2 thoughts on “What would Marshall McLuhan would say about white privilege?

  1. pm1956

    Some really good points here, Erik.

    On your last point, I think that you have to look at the biggest question–what is education for? Is it just to help people get jobs? this is the practical approach to education. Or should it be about something more basic–teaching people about the world they live in, or teaching them how to learn. Either of those emphases would be consistent with the more “liberal” approach to education (as in “liberal arts”–nothing to do with liberal/conservative, everything to do with the Enlightenment, arguments about core curriculums, the value of teaching cursive/Latin/History/study of the Constitution, etc.– all good “conservative” arguments).

    And, of course, this is a class based argument (Marxist? perhaps). Should the classic “liberal arts” be reserved for those who will become the CEO’s, ie, those who will be attending Harvard, Yale, Princeton and Stanford? While the “workers” attending Beaver State just get an education tailored to make them more “productive” as workers? (a more obvious version of this form of dichotomy was implemented in South Africa with the Bantu Education system–I could bury you with all sorts of quotes to illustrate the point that you educate people for the roles that society has available for them–the exact opposite of a meritocracy based argument).

    I don’t know if the Gibney course will make better workers or raise consciousness or eventually change the system by making people aware of the system, but hopefully it makes people think. Exposing people to ideas that make them uncomfortable is a good thing, i think. Getting them to understand why it makes them feel uncomfortable is even better.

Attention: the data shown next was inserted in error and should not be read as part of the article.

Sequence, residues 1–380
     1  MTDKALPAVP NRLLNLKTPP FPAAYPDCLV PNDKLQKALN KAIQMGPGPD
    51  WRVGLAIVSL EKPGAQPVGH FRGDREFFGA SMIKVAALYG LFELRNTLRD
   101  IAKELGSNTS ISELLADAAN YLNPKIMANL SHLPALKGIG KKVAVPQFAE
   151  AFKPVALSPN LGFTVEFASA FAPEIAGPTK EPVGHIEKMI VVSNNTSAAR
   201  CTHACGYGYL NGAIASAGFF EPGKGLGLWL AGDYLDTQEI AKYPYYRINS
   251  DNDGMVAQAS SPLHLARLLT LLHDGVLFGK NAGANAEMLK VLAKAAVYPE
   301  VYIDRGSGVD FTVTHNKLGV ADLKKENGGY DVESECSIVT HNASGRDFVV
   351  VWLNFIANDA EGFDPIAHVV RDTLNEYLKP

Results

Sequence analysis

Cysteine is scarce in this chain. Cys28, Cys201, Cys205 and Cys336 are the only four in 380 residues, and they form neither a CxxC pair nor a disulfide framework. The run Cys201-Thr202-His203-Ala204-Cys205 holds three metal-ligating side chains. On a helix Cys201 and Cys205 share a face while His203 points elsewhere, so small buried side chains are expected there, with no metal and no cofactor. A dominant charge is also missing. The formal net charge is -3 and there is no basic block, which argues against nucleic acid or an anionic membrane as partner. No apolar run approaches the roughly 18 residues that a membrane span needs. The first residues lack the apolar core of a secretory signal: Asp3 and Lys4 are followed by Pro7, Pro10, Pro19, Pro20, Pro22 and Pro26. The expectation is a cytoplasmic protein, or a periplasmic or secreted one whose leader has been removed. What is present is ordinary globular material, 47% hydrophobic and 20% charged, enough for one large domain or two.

Oh, and this is a really great piece on race in current politics (just in case you haven’t already read it–not exactly the topic here, but you did bring up race….):


    1. Erik Petersen

      Liberal arts is good, of course.

      I think it’s fairly sensible to assert that a Marxist or Chomskyite deconstruction of Mass Comm is a highly esoteric / theoretical discipline, and would rank pretty low on a list of things you’d want MCTC students spending their tuition money on. That, and its also a dead end. Media is not going to be rearranged in a way that pleases these professors. These kids observe that this woman belabors the point. I have no doubt that’s true. Move on professor, you’ve covered it.

      I read Chait. He’s very smart, and I still don’t like him. I have more words to spend on that.